strategy and tactics.
but not least, I have stressed that The Gorilla Game is an
excellent companion to the GTR. There are 8 or 10 thousand
stocks out there and most of us, and I include myself, are
not smart enough or have time enough, to sift through the
noise to find the signal. The GTR does an absolutely superb
job of getting rid of 99.7% of the noise. The Telecosm
paradigm identifies, at this time, 28 potential Telecosm
winners. By doing due diligence, the GTR readers can add a
few more to the list and you [GG] have been kind
enough to ratify some of our picks as worthy of inclusion in
the list. This expanded list is where we should hunt for
gorillas. You will have to admit that it is very difficult
to make costly mistakes by following this rule. And it is
highly likely that if we tilt our holding toward gorillas
and away from technologically able chimps, monkeys, princes
and serfs, the yield of the portfolio should be
23. Price/Earnings. Price we know is right, it's what the
last buyer gave the last seller.
It's the output of a convoluted arithmetic system whose main
purpose is to evade taxes and whose secondary purposes are
to capture capital, to pay optionees lots of money and to
beat analysts expectations by just a little bit (you can
tell as many lies with accounting as you can with
P/E ratio of 70 means that, if the company is not growing,
it will take 70 years of similar earnings to earn the price
of the share. Does not sound like a good deal. Value
investors like P/E ratios of 5 to 10! But that is just not
available in Telecosm. But if earnings are growing at 50%
per year, then it will take just under 9 years to earn the
price of the share. And if the P/E ratio is 200 then, at 50%
earnings growth, it will take about 11.5 years to earn the
price of the share. Still fairly close to what a value
investor might find acceptable.
take a company that is showing some totally unbelievable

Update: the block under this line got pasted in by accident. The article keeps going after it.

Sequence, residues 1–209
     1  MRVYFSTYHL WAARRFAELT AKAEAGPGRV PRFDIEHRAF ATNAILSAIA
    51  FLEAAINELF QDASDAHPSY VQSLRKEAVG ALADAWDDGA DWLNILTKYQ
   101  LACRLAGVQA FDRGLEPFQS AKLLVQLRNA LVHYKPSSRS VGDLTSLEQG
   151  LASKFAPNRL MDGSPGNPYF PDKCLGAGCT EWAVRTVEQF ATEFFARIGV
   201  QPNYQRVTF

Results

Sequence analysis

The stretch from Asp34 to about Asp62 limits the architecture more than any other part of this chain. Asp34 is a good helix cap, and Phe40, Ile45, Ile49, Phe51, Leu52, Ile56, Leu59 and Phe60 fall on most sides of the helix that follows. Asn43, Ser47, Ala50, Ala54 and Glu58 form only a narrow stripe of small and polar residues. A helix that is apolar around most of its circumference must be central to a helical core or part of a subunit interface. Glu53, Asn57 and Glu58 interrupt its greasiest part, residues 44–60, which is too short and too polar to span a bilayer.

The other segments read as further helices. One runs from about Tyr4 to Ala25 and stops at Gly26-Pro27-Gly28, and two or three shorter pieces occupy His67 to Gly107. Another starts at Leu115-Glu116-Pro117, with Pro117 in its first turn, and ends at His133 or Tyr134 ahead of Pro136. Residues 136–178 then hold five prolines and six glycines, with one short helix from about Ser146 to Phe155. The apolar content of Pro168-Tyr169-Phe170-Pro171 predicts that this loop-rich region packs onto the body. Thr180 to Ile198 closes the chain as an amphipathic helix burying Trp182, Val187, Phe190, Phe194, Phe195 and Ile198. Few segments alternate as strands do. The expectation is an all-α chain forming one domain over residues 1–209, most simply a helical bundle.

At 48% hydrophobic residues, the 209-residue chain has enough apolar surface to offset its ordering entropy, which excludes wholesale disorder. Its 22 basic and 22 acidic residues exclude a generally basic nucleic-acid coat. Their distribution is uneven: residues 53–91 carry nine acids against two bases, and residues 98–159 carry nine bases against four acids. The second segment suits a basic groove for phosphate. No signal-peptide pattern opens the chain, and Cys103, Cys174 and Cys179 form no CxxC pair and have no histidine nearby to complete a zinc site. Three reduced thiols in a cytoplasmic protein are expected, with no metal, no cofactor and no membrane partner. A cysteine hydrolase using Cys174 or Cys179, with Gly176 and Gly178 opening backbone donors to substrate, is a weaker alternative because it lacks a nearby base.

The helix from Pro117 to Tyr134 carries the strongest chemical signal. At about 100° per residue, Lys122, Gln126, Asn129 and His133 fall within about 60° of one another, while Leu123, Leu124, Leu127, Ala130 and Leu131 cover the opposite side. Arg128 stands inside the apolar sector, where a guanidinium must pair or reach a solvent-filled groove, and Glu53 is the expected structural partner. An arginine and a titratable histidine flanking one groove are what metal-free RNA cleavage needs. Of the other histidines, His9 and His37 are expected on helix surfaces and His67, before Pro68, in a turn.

earnings growth. One of the GTR stocks' earnings grew 4
fold. This cannot be sustained so let's assume that in year
2 earnings grow 2 fold, in year 3 they double, in year 4
they grow 50% and from there on they grow at a 25% rate.
Would this company justify a P/E ratio of 400? Well, it
would earn the price of the share in just under NINE years!
A value investor should be happy with that!
don't believe me? Take out your spreadsheet and do the
calculations. Compound interest does amazing
arithmetic does not lie but we have to check to see if the
growth rates are feasible or ridiculously high. Arithmetic
will not figure it out for you. You have to understand the
company and the industry. You have to understand the will of
the people to communicate. You have to understand the huge
amount of people on this earth. You have to understand price
elasticity. You have to understand the S curve growth
you believe that we are in the infancy of Telecosm. If you
believe that without a cold war raging we have lots of
capital to invest in the Telecosm infrastructure. If you
believe that service providers are galloping at break neck
speeds to try to achieve first comer advantage. Then you
should believe that for a short few years, maybe 5 to 10 we
will be able to sustain such incredibly high earning growth
rates at least in some of the Telecosm
own take is that the service providers will wage enormous
price wars and that very few of them will make any money at
all. Only the ones with the best execution will make money.
But the companies that will supply the equipment to the
price warriors and the rest of the supply or value chain
will earn heaps of money for several years. Long term buy
and hold could be as short as three to five years in this